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Michael Armstrong (Newman) is an esteemed American physicist and rocket scientist. He is supposed to attend a scientific conference in Copenhagen, but instead heads for East Berlin. Apparently defecting to East Germany. He is soon followed by Sarah Sherman (Andrews), his assistant and fiancée. She is very reluctant in doing so but remains loyal to him.
The defection is actually a ruse. Armstrong wants to meet Gustav Lindt (Ludwig Donath), the chief scientist in the East German military, to establish the extent of the Eastern Bloc's knowledge on anti-missile systems. He supposedly has a way to exit the country at will. Stasi, the East German state security service, has a very different view on the matter. Armstrong and Sherman are about to find out that entering East Germany was easy. Leaving East Germany is another matter entirely.
Hitchcock was not entirely happy with the casting of this film. He wanted Cary Grant as the male lead, with either Eva Marie Saint or Tippi Hedren as the leading lady. Grant turned him down. He was preoccupied with filming Walk, Don't Run and intended to retire after that. Universal Pictures executives insisted on casting Newman and Andrews, in the belief that more famous stars would result in better box office results. Newman had starred in several hits the 1950s. Andrews was a younger actress who was mostly known for theatrical work prior to starring in Mary Poppins. After that film turned to a box office hit, she became one of the most famous actresses of the 1960s. Hitchcock and Newman had a difficult working relationship, the chemistry between the leads was rather poor. Nevertheless, it was a modest box office hit.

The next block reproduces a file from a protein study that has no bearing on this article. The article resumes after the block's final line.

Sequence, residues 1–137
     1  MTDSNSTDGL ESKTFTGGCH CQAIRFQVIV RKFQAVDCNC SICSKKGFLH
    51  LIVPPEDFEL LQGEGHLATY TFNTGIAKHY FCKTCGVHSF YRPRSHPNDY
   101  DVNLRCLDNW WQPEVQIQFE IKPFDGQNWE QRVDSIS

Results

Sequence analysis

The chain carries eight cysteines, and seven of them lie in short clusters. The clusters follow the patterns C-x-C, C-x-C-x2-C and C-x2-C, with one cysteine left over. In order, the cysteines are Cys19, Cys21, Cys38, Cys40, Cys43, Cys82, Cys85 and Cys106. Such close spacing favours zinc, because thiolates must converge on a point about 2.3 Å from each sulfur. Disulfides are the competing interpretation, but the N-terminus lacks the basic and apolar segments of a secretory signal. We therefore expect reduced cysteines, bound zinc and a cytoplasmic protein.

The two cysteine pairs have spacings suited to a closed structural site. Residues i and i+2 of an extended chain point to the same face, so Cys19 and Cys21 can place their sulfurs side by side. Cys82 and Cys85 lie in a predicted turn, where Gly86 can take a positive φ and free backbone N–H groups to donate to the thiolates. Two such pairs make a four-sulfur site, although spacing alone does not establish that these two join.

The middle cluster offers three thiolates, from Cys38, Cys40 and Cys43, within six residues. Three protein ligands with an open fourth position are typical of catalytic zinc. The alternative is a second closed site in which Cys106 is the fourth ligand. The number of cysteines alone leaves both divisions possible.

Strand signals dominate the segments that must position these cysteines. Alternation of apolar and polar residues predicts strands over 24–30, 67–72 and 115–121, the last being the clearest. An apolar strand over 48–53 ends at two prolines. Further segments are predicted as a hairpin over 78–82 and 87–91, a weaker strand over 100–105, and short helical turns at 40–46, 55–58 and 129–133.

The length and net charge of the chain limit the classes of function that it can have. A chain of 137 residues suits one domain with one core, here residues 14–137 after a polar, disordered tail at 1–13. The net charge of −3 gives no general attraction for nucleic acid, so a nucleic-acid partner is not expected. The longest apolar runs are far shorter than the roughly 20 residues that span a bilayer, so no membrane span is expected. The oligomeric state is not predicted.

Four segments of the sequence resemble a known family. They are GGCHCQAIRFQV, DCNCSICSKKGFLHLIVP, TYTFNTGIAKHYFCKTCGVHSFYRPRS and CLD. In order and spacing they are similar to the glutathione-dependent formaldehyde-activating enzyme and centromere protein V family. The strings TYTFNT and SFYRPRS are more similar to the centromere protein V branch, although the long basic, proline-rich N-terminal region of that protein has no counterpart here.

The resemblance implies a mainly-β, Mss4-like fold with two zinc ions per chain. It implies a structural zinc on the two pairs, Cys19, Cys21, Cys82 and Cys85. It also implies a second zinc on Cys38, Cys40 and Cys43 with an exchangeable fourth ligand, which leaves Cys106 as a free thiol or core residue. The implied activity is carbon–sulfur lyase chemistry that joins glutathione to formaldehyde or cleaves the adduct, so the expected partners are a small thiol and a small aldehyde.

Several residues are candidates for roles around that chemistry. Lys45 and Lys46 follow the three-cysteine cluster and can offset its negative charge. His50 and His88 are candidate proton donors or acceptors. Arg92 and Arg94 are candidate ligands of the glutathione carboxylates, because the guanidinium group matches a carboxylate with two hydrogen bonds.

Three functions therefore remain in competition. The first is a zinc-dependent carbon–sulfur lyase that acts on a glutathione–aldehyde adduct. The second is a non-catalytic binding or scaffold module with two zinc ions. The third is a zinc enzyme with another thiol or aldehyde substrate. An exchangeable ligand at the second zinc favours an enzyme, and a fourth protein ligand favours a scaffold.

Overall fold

- Cold War: The entire premise.
- East Germany: The location of most of the film.
- Fake Defector: Michael Armstrong.
- Rasputinian Death: Hermann Gromek, the first Stasi agent Armstrong attempts to kill, takes a good long while to go down, including spending most of the climactic fight with a butcher knife sticking out of his chest. Hitchcock's main goal with the film was to show how hard it could really be to kill someone.